Controversial Australian Winter Olympic Gold Medal Winner Receives Bravery Award for Rescuing 4 Swimmers

Julia Schneemann |
Steven Bradbury with his Olympic gold medal. | Picture: Olympics Website

Australia’s first ever Winter Olympic gold medal winner Steven Bradbury was honored today, August 23, 2023, for helping rescue four drowning girls from the surf on the Sunshine Coast in sunny Queensland, Australia. The 49-year-old former speed skater was surfing with his son Flyn, when he spotted a teenage girl in trouble in a big surf last year.

He grabbed his son’s surfboard and paddled out to the girl, but as he approached her he realized, she was not alone. Her three friends were also struggling to stay above water while being smashed by huge waves. He signalled for help and proceeded to haul the first girl onto the surfboard and paddled back to shore.

“The look on her face stuck in my head for about two months. I have never seen a human with so much fear in her eyes before.”

He paddled back out to the other three girls and tried his best to pull all three to safety but the weight of them all was too much for one board. “It was about five or six minutes of maximum intensity,” Bradbury admits. Luckily the lifeguards showed up shortly after and grabbed two girls, while Bradbury paddled back with one of the girls.

Steven Bradbury won the Olympic Gold at the 2002 Winter Games in Salt Lake City, UT. He had qualified, winning his heat in the 1,000 m speed skating race. In the quarter finals he faced U.S. speed skater and favorite Apolo Ohno as well as defending World Champion Marc Gagnon from Canada. In the race, Bradbury was relegated to third, however Gagnon’s disqualification lead to Bradbury advancing to the semi finals. In the semi finals all three of his opponents crashed, causing the Australian to advance to the finals, where the exact same thing happened again, crowning the outsider Olympic champion. Bradbury did admit that staying behind and hoping for a crash had been his strategy, as he had known he could not beat them on speed alone.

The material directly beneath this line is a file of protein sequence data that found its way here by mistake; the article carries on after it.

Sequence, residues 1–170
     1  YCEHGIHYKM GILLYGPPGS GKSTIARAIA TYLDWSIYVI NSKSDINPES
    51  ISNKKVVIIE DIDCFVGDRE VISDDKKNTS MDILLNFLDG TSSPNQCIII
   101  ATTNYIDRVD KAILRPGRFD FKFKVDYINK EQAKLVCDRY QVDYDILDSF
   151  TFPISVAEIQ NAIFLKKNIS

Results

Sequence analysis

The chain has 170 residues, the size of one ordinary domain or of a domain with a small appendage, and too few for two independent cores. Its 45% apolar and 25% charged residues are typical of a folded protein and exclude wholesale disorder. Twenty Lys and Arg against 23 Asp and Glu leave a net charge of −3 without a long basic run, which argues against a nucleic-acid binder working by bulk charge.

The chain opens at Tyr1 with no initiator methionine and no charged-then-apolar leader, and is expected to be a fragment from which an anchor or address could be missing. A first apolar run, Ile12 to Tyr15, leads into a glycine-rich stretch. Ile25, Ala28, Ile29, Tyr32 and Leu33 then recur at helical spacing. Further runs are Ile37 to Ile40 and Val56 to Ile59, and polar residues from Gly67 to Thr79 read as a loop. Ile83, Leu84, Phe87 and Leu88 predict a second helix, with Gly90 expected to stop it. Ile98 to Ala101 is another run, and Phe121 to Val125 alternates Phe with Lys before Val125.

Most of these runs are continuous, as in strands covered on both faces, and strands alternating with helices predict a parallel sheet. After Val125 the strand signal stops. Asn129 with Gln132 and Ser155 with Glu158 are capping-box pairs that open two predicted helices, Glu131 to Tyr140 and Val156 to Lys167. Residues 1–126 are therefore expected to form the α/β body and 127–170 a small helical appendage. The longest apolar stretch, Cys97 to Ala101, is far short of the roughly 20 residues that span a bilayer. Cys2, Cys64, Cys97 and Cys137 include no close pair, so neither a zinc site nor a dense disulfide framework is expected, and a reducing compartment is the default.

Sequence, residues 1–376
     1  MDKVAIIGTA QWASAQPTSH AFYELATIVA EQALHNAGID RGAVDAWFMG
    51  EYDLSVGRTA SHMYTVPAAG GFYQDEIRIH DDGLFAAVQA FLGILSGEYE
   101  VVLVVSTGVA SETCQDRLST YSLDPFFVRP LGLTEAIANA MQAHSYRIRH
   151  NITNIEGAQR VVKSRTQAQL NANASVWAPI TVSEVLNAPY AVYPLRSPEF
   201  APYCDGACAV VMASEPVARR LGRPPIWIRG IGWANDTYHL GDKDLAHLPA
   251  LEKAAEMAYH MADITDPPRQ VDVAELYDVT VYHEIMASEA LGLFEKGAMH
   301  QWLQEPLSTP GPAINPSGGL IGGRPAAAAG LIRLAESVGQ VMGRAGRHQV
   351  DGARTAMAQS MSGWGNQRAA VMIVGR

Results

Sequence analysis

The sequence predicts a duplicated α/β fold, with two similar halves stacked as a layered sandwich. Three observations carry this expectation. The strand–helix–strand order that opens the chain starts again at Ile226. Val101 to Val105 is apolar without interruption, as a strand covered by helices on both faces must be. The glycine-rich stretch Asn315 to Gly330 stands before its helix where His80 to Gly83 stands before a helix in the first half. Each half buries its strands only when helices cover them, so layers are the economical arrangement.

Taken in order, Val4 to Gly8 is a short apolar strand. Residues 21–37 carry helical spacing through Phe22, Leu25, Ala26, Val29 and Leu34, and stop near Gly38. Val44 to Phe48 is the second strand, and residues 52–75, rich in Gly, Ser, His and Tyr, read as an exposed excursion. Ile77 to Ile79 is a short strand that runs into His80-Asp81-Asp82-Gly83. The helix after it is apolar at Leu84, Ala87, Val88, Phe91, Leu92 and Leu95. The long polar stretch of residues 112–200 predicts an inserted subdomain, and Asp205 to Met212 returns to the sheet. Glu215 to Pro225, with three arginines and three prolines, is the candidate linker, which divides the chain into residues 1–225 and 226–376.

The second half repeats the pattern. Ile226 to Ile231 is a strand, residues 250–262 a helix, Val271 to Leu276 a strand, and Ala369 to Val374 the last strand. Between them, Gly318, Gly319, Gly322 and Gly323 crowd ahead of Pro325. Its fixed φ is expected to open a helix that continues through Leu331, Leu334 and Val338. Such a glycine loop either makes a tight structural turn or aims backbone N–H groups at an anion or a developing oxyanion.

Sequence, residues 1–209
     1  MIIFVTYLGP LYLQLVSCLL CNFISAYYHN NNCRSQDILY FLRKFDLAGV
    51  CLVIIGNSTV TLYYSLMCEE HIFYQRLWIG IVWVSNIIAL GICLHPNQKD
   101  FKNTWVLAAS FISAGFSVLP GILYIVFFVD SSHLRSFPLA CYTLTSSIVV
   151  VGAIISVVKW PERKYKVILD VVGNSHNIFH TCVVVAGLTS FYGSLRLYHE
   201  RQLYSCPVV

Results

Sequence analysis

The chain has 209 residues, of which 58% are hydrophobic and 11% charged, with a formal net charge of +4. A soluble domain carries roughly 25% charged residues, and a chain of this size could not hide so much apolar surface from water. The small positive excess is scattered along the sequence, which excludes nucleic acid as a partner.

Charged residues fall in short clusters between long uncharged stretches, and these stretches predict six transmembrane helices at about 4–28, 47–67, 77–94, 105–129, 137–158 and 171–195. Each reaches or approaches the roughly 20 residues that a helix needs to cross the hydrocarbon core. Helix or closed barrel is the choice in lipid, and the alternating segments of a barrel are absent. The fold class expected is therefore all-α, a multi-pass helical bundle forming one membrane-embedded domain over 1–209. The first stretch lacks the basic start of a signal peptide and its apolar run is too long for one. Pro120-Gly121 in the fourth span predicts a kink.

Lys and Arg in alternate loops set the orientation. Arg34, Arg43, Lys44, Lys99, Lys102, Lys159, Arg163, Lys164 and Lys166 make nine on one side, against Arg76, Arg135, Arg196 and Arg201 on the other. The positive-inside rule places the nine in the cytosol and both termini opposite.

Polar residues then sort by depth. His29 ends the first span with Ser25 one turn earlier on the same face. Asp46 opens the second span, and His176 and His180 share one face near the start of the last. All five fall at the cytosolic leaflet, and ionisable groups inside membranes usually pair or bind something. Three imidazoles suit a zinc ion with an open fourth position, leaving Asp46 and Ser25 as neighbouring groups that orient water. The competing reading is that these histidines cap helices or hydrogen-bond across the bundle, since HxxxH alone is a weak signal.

Salt Lake City
Steven Bradbury, the last man standing at the 2002 Salt Lake City Olympics. | Picture: Olympics Website

Some American commentators were unhappy with his unlikely win, with USA Today saying: “The first winter gold medal in the history of Australia fell out of the sky like a bagged goose. He looked like the tortoise behind four hares,” and the Boston Globe writing that multiple crashes had that allowed “the wrong person to win.”  While Australians embraced Bradbury’s victory in their own way, there was a certain relief nationwide, when Alisa Camplin won Gold in Aerials, cementing Australia’s winter sport success as more than just sheer luck.

Since the fateful 2002 Winter Games, ‘doing a Bradbury’ made its way into Australian slang and refers to someone having unexpected or accidental success.

It appears Steven Bradbury has done more than one thing right in his life. Bradbury’s quick thinking and life saving actions on the beach from last year were recognized this week with the ‘Commendation for Brave Conduct’ as part of the Governor-General’s Australian Bravery awards, which honor ordinary people demonstrating extraordinary courage. Maybe he is not quite as ‘ordinary’ as everyone believes.

The Australian Bravery Award medal awarded to Bradbury. | Picture: Australian Government Website

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